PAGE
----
Bryan Caplan  

Cross-Country Regressions and Population Weighting

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Whenever someone presents growth regressions, a robustness check pops into my head: "What happens if you weight for population?"  Treating China and Grenada as equally probative data points just seems crazy to me.  If you want to understand how human societies function, one gigantic society has far more to teach us than two tiny islands.

Is my intuition econometrically sound?  Bill Dickens, my Econ 1 teacher, has a paper subtitled "Is It Ever Worth Weighting" (Review of Economics and Statistics, 1990) - and originally subtitled "Why It's Never Worth Weighting."  This apparent absolutism prompted me to send Bill the following hypothetical:

Someone is doing a cross-country regression, counting each member of the European Union as a single data point. A critic says, "Bill Dickens showed that it is never worth weighting. We should just treat the whole EU as one data point despite its huge population."

 In your framework, how is the critic wrong? Why then wouldn't he be arguably wrong for any large, diverse country?

In conversation, Bill's response was modest: His paper only addressed a very different rationale for population weighting.  For cross-country regressions, population weighting might be entirely suitable.

Last year, Solon et al. published a more comprehensive piece on the topic, entitled "What Are We Weighting For?" (Journal of Human Resources, 2015).  While they raise multiple technical issues, their advice is straightforward: When population-weighting matters, researchers should alert their readers and reflect on the source of the contrast.

[W]e recommend reporting both the weighted and unweighted estimates because the contrast serves as a useful joint test against model misspecification and/or misunderstanding of the sampling process.

Who cares?  Early this year, I spent weeks reviewing research on ancestry and economic performance.  In this research, the three most populous countries on Earth - China, India, and the United States - are major outliers. 

This led me to wonder, "What would happen if we weight the results by population?," but I felt the need to review the econometrics first.  Since it now looks like population-weighting is technically acceptable as well as intuitively plausible, I'm now ready to share the results.  What's the bottom line?  Stay tuned.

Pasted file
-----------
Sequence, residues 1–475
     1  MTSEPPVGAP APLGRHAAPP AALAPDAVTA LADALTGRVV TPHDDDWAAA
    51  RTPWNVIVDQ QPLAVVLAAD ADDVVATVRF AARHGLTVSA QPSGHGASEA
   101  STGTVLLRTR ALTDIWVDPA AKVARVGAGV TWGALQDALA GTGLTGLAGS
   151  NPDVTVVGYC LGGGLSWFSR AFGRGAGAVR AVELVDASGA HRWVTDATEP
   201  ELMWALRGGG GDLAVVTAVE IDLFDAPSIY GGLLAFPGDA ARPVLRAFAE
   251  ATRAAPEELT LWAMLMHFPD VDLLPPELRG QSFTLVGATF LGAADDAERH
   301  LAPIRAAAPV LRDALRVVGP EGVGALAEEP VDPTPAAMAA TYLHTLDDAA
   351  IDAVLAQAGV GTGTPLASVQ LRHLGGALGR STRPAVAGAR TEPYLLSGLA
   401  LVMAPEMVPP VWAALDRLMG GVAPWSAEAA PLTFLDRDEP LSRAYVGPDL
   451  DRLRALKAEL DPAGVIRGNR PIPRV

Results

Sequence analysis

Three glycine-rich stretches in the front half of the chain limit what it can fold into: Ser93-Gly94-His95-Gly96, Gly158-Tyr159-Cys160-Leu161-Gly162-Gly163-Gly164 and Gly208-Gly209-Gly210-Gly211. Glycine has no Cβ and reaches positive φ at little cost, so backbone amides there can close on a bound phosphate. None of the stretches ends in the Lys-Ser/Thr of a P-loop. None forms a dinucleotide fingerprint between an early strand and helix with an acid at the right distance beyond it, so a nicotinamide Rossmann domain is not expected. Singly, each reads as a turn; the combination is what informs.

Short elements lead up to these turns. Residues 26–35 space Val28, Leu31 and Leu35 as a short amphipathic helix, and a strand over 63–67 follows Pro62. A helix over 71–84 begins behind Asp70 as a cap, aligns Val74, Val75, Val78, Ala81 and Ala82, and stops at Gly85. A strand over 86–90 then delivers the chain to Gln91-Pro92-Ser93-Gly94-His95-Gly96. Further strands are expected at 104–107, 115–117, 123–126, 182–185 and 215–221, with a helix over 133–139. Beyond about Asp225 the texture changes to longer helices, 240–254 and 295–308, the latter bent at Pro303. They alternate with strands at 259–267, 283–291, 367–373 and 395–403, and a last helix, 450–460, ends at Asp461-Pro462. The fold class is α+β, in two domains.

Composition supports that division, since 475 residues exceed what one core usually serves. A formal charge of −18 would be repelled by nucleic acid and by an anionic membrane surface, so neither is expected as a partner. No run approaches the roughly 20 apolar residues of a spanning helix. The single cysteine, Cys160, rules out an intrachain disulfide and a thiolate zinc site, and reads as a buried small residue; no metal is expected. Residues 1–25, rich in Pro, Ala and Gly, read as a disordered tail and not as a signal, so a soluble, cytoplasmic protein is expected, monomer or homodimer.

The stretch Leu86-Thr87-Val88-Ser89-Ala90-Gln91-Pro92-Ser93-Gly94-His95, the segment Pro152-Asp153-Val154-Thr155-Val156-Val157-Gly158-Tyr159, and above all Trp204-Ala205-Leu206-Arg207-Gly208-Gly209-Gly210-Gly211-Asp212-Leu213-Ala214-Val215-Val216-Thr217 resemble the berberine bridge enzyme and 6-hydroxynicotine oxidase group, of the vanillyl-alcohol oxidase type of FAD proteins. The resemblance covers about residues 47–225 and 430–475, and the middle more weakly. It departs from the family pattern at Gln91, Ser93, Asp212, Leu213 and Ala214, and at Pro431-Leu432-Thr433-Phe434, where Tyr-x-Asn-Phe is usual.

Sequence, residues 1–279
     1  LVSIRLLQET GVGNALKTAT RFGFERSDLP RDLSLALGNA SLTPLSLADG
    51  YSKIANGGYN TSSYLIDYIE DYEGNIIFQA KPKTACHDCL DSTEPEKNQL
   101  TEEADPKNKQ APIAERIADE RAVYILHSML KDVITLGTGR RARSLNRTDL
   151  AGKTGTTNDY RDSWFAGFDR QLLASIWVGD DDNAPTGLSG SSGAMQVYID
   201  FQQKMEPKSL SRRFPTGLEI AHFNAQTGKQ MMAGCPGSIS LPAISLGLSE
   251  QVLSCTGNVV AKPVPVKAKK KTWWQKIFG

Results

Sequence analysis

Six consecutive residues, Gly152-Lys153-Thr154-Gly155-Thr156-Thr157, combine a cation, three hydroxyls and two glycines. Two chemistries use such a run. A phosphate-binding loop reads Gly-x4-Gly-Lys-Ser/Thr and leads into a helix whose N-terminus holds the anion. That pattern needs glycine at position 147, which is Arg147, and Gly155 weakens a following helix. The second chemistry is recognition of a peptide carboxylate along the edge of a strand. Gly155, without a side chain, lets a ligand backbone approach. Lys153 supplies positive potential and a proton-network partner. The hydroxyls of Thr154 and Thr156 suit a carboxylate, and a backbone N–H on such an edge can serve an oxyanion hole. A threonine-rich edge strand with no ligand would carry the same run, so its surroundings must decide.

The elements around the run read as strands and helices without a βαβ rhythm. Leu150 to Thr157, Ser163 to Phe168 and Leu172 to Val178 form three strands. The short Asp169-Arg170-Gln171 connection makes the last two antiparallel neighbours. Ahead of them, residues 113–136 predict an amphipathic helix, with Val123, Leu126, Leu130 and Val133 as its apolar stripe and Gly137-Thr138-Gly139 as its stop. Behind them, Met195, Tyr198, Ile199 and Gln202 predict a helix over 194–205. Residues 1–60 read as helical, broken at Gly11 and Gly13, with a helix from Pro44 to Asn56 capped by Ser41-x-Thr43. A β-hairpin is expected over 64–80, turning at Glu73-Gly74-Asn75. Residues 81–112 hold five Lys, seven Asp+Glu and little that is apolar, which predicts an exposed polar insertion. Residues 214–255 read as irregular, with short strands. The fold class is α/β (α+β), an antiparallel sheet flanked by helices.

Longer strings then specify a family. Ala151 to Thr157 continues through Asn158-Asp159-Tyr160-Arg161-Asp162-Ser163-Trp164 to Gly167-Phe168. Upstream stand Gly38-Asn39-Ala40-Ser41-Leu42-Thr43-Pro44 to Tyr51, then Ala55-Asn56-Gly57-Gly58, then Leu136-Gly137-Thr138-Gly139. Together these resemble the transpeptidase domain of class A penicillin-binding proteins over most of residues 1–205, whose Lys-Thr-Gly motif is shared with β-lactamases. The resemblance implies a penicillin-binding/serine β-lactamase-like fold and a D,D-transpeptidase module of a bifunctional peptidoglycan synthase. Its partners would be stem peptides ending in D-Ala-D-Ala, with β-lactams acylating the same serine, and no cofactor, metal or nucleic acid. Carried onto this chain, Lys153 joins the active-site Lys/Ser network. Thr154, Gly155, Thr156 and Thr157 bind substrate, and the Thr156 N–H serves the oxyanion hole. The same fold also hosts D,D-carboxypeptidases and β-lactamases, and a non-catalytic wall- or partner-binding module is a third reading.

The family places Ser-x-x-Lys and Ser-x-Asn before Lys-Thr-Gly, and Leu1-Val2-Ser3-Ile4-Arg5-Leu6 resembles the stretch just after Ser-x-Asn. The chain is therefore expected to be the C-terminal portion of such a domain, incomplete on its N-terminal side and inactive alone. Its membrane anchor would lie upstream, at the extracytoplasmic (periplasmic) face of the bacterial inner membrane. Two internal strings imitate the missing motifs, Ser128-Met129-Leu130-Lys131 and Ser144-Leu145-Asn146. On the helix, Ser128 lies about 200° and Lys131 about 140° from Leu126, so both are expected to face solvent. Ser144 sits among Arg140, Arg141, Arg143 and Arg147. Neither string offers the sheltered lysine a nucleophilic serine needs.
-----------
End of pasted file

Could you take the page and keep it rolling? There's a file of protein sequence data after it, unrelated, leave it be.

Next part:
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COMMENTS (3 to date)
Nathan W writes:

If you're trying to evaluate the effectiveness of different institutional approaches, legal systems, that sort of stuff, it might make sense to treat each polity as a single data point. You might find a lot of smaller countries bunched into one corner, and then you can observe this and question whether appropriate institutional setups depend on size ... or any number of other conclusions. The point is that each institutional setting constitutes a datapoint for many types of analysis regardless of the size of population or the economy.

But in matters where the global significance of the data point is important for extracting the relevance of the data, I think PPP-adjusted size of the economy makes sense. (While the perspective bothers me somewhat, from a realpolitick perspective, I'm not sure what methodological advantage there would be to correcting for population instead of economic clout.)

Doug C writes:

As regards your review of the research on ancestry and economic performance, you might find this interesting: http://andrewgelman.com/2015/12/19/a-replication-in-economics-does-genetic-distance-to-the-us-predict-development/

Doug C writes:

I had some further thoughts on this.

Just as regions within countries are likely to have data that are very highly correlated, and so weighting by population would not be so advisable, so it is that some countries with the same region that share cultural traits are also going to have incomes that are highly correlated. Europe west of the former iron curtain, for example, is basically all rich. Each of these countries is not really like a random observation however. You certainly don't have 15 independent observations. This is probably the main problem with cross-country regressions -- you essentially have far fewer independent observations that it at first appears. Regional fixed effects will help with this. This is why regional fixed effects tend to wreak all kinds of havoc on these types of cross-country regressions.

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